By Douglas Van Anda
There exists a king who founded an empire that would have a huge amount of influence on the modern world. From his father, he inherited a large army that would defeat a large empire and gain control of its territories. After destroying this empire, he would continue farther into the east and conquer many different peoples, joining them together and instituting a period of amazing wealth and prosperity. He would treat them well and most would live as his subjects willingly, even adopting him as their own king. He would create a new title, Mansa, which means “the king of kings” and would be known as “the lion.” His legacy would go on to influence a region of the world for centuries. The empire that he created would last for about 400 years and his name was Sundiata Keita. The empire he helped form was the Mali empire, an empire so rich that a later emperor, his great-nephew, would be known possibly as the wealthiest man to ever exist. However, I had never heard of Sundiata Keita. I heard references to his great-nephew, but the man who created them empire was an unknown historical figure. Yet still, Sundiata Keita is not unique. There are many more princes, kings, and emperors whose exploits are unknown to me. This goes to show that the reason that Alexander of Macedonia is known as Alexander the Great is that he was lucky. He was born at a time when the west had not known kings like him. “Alexander was the standard-bearer of Greek civilization. His influence in…civilization has been profound, extending even into our own age.” It is a simultaneous fact that Alexander does not deserve to be revered to the extent that he is, and that he is one of the most influential people in western history.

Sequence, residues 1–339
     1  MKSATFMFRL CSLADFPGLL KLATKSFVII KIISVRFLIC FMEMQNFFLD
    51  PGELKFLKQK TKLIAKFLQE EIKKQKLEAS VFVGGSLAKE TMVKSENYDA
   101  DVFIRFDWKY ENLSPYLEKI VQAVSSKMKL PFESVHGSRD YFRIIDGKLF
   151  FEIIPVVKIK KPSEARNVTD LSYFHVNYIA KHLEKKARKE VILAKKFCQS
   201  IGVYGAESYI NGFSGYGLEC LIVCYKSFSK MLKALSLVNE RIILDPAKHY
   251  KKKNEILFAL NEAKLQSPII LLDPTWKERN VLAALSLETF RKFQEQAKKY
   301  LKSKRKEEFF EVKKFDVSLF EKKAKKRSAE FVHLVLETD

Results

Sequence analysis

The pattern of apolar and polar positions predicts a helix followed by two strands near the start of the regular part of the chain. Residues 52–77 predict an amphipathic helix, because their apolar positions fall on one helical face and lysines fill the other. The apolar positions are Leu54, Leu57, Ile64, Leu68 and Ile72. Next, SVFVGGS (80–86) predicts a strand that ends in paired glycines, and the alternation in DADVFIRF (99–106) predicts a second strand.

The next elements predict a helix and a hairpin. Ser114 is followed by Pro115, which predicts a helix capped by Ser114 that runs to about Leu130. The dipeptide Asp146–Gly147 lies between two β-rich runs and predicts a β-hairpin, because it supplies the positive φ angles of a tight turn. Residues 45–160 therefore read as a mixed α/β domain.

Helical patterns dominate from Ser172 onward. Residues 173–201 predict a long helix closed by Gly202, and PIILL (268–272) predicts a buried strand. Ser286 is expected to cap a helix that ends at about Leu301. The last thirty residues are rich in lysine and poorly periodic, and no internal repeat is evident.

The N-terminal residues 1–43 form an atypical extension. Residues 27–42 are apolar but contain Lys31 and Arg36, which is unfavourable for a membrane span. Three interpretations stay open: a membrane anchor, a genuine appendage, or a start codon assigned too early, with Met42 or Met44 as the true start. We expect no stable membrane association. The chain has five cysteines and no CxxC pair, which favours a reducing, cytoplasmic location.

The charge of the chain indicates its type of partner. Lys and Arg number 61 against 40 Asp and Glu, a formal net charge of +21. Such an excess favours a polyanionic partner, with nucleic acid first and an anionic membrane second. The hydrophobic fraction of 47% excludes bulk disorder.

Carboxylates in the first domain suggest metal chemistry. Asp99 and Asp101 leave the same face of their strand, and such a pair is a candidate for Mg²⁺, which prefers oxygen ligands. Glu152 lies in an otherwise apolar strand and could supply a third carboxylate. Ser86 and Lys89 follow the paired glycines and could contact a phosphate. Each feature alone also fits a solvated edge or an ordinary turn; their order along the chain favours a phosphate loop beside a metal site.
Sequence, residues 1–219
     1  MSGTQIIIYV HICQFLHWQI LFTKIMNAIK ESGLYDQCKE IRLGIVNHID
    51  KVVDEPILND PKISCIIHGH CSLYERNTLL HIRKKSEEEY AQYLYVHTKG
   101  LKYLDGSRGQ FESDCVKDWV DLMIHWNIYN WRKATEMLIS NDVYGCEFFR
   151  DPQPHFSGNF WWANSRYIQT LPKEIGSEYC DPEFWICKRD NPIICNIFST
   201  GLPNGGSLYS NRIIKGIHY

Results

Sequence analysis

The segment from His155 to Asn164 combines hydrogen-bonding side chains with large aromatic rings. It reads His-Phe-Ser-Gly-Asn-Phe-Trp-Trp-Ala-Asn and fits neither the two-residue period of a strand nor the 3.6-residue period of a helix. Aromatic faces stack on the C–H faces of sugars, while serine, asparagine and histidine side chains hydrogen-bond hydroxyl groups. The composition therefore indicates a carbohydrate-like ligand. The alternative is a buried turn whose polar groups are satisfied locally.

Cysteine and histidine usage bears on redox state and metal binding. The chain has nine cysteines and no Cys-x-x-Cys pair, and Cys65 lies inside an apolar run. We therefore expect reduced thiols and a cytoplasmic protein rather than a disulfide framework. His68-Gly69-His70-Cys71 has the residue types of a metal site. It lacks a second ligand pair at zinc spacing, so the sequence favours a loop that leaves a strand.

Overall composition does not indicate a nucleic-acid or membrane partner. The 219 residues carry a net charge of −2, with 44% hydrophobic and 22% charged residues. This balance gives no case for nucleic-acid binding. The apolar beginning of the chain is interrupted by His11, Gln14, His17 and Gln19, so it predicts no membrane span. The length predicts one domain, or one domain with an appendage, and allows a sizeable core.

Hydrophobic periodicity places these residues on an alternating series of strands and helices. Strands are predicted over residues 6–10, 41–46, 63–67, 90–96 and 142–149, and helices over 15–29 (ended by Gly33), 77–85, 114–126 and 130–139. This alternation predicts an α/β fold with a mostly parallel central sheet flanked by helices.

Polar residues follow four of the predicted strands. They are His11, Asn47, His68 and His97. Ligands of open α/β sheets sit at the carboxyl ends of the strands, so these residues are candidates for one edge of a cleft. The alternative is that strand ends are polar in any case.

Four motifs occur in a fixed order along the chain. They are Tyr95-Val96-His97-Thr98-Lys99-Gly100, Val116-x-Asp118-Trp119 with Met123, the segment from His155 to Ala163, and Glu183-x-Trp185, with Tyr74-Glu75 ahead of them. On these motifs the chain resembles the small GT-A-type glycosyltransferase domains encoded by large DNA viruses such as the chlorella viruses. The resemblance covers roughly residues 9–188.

Imagine that an author wrote down everything about known history from all over the world and bound it in one book. If you had never taken a history class before and decided to read this book, how well do you think you would remember Alexander after you finished? On the one hand, you might remember that Alexander was a great tactician who led massive numbers of men to victory against countless civilizations. You also might remember that he was an intellectual king who valued all the wonders of ancient Greek science. But it seems to me that you would most likely only barely remember Alexander. In the most basic of terms, he was just a king who did what kings do, conquered. Additionally, he is historically surrounded by the likes of Julius Caesar, ruler of Rome, Ashoka, emperor of the Maurya Dynasty, Genghis Khan, founder of the Mongol Empire, and Suleiman, sultan of the Ottoman empire, all of whom administered or founded massive empires. It might be that Alexander is easy to remember because of how play-like his life and death seemed to be. How much might we remember Alexander if his empire had collapsed should he have returned to Macedonia? Because of his reckless failure to have a proper succession plan, it is easy to blame the collapse of the empire on his generals because he was not around to control their greed and lust for power. Though, it seems more apt to blame the collapse on the faulty foundation allowed to exist by Alexander and realize that he too would most likely have failed to maintain an empire so large and diverse. E. E. Rice summarizes it nicely when he states “What would Alexander have been like at the age of sixty? We will never know.”